Building Evidence on Employment Strategies for Low-Income Families Project (BEES), 2017 - 2022

The purpose of this project is to strengthen ACF’s understanding of effective interventions aimed at supporting low-income individuals to find jobs, advance in the labor market, and improve their economic security.

The project will build evidence in this area by:

  • Conducting a series of rigorous federal evaluations of innovative programs designed to promote employment and build self-sufficiency for low-income individuals.
  • Supporting states in moving toward rigorous evaluation of such programs, at a state level.
  • Prioritizing evaluations of programs that work with individuals struggling with opioid dependency, abuse of other substances, and/or mental health issues.

Interventions that are candidates for evaluation may include programs that serve TANF recipients or, more broadly, individuals and their families who are at risk of TANF dependency. The project will select interventions that have already been fully implemented, undergone formative evaluations or assessments resulting in a logic model, or have shown some significant impacts in summative evaluations, allowing this project to increase the number of evidence-supported interventions in this area.

ACF’s Office of Planning, Research, and Evaluation is overseeing the project in collaboration with ACF’s Office of Family Assistance. MDRC is the lead contractor; their partners include Abt Associates and MEF Associates.

ACF is eager to partner with states on this project and welcomes expressions of interest. The points of contact for the project are Tiffany McCormack and Carli Wulff.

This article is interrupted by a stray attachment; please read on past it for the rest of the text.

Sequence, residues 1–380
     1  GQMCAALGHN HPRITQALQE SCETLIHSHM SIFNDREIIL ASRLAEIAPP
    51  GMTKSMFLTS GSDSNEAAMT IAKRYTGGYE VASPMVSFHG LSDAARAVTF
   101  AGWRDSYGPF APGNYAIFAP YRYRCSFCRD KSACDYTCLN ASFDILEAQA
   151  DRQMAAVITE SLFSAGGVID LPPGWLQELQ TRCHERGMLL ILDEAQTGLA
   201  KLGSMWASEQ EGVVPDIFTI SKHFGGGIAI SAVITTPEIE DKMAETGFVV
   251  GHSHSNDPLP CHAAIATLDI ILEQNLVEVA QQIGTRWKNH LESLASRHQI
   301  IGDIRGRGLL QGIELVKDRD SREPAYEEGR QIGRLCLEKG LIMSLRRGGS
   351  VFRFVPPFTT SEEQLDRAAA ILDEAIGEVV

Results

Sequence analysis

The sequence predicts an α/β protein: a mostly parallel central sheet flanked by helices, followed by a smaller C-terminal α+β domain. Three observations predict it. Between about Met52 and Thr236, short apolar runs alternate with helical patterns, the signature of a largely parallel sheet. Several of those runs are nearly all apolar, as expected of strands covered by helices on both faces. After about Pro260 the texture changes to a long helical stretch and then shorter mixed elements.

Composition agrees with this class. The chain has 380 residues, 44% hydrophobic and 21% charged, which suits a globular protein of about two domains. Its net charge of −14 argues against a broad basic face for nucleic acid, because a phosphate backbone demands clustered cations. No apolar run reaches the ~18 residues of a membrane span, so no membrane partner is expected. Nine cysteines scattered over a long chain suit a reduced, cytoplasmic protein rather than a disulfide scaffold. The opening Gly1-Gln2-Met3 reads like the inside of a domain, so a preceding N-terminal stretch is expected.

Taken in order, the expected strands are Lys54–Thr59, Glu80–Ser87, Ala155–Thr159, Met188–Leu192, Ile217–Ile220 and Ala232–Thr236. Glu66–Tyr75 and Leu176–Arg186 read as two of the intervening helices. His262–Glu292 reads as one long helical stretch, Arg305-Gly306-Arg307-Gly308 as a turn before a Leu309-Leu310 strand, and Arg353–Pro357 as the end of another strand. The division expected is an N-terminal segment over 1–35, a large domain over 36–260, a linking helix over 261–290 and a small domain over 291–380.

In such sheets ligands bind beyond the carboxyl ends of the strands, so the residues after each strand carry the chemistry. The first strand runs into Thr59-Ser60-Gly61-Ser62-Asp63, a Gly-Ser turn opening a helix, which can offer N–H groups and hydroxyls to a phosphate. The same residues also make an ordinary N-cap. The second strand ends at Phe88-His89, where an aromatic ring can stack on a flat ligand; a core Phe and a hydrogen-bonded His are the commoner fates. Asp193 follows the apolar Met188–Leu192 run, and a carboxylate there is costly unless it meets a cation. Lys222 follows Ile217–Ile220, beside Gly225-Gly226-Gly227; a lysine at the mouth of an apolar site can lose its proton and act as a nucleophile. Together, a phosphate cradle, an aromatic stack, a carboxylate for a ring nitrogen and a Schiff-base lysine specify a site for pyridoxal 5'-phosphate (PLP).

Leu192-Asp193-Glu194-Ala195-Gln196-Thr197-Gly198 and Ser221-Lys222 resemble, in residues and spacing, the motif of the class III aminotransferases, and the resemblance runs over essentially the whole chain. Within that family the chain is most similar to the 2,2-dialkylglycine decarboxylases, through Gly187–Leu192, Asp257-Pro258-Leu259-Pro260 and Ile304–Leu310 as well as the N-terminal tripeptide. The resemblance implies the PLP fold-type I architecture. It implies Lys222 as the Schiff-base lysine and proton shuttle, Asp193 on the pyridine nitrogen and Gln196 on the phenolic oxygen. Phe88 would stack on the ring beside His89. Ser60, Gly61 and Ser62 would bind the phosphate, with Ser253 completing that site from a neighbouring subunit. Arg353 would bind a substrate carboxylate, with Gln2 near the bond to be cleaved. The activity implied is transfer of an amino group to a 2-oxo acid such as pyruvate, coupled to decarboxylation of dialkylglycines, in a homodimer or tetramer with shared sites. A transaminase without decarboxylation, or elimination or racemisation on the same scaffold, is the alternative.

Related Resources

This paper examines the impetus and existing evidence on programs that integrate employment services with treatment and recovery services for people with opioid and other substance use disorders (SUDs). It includes an overview of the nature and recent history of SUDs and their treatment, including the important role that employment can play in recovery, and discusses the factors that historically limited the role of employment services in treatment programs. It also provides a brief review of the limited but promising evidence on the effectiveness of integrating substance use disorder treatment and employment services in improving participants’ employment outcomes.

This paper describes the Individual Placement and Support (IPS) model, a framework for providing employment services to those facing barriers to work.

Individual Placement and Support (IPS) is a model for helping people who have serious mental illness find employment. There is a good deal of evidence showing the model’s success, but less is known about the model’s effectiveness with those who have other types of disabilities and health conditions, such as physical disabilities or less severe types of mental illness...

The Breaking Barriers program, based in San Diego, California, provided employment services to lower-income individuals with disabilities. 

MDRC carried out a random assignment impact evaluation of the program, funded by the U.S. Department of Labor, in order to assess the effectiveness of the program at improving employment outcomes for program participants. Findings from that evaluation Visit disclaimer page were released in September 2019...

The Building Evidence on Employment Strategies for Low-Income Families Project (BEES) project strengthens ACF’s understanding of effective interventions aimed at supporting low-income individuals to find jobs, advance in the labor market, and improve their economic security. Read the May 2020 newsletter.